During the drive out to her property, I told myself we’d take just two home. Nice try. By the time Prasad and I arrived and saw the three very bonded and attached ducks, I gladly took all three. They’re gorgeous in person- the pictures don’t even come close to showing the richness of their colors. One is shiny black with white speckles on the chest and iridescent green feathers in the sunlight. Another is a darker grey with bluish and black flecks, while the smaller girl is a brilliant, rich light blue. I’d been hoping for a blue Runner, and there she was. That seems to be how it goes before an animal joins us- I imagine the color or type I’d like, and they just happen to be exactly what we find. Now, onto the Mortimer/drake ordeal…
Part II, Aggressive Drake: Before bringing home these beauties, Mortimer was in the slammer (the pen pictured at left). He was harassing the fawn & white babies constantly… just super rude and aggressive. He had to be quarantined both day and night, and I placed an on Craigslist ad to sell him. Last evening we brought our new girls home, and he went after them, too. So, we quarantined him another night. This morning I went out to clean up his pen and let him loose in the run. That time he left the new girls alone. He did an occasional nip or two if they came too close, but no aggressive chasing or pinning down. He went after the new fawn & white babies again, but today it’s been way less than before. He’s pinned them down a few times, but then walks away and gives them their freedom to swim and eat (unlike before). We’re hoping this is a trend, and that he’s merely asserting his dominance in the pecking order. Maybe there’s hope for Mort after all. That’s our hope, considering he’s such a gorgeous boy and we’ve had him almost a year.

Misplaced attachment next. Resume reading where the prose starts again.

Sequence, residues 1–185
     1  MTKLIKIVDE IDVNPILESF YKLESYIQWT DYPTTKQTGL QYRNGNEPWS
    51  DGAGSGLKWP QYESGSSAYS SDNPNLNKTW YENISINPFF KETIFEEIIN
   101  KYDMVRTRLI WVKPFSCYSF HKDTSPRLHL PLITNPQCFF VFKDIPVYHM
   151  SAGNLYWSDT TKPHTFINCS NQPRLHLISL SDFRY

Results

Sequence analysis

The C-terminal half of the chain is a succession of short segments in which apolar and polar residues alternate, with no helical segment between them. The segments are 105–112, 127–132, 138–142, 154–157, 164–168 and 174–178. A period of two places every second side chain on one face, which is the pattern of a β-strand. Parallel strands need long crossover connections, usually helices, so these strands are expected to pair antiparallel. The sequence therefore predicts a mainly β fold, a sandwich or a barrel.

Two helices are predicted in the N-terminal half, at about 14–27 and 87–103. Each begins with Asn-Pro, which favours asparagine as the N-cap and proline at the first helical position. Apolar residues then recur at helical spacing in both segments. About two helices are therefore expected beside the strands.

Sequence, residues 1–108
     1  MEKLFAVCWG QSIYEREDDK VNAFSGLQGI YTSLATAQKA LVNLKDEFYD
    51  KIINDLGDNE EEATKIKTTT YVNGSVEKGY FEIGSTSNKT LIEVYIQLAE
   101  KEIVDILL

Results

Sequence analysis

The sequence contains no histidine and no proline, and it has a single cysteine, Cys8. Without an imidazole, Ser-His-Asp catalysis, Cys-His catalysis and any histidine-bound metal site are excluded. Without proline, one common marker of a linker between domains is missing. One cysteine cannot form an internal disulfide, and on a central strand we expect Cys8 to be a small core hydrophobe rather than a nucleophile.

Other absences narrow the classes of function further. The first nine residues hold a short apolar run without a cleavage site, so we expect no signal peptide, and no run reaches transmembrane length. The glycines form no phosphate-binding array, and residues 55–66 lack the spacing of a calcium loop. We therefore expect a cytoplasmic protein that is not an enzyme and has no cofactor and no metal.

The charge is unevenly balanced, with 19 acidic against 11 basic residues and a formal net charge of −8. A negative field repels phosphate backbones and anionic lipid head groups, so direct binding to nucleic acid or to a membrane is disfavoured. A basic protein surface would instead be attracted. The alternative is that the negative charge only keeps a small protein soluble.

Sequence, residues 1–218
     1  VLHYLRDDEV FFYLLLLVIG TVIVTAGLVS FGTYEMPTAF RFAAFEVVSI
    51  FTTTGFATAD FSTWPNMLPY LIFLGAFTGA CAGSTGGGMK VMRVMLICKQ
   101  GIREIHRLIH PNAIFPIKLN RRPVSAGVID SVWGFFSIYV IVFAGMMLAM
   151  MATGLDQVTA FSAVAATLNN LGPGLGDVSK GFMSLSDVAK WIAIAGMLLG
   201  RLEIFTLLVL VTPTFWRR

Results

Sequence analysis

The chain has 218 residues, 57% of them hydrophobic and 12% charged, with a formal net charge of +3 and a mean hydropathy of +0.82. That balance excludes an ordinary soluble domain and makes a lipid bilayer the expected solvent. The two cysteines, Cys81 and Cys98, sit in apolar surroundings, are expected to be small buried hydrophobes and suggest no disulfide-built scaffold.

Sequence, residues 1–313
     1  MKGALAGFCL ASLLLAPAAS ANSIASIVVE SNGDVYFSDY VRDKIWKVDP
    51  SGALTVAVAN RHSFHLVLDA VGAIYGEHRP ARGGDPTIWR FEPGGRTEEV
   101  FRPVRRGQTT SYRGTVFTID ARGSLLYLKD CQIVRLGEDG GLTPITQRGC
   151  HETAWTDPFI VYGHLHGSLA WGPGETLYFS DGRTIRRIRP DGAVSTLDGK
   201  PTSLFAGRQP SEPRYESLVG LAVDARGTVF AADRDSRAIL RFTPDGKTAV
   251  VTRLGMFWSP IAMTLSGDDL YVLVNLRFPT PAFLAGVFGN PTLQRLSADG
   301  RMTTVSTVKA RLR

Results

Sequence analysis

These two cuties are the ones Mortimer has been targeting. We’ve seen a 75% reduction today, and hope that continues for all their sakes. Adelaide is on the right, and Adelaide is a male/drake. He doesn’t quack like Chameli… drakes squeak. His markings are more distinctive, too. He’s going to be another gorgeous drake to have around, and yes, we’re planning to come up with a new name.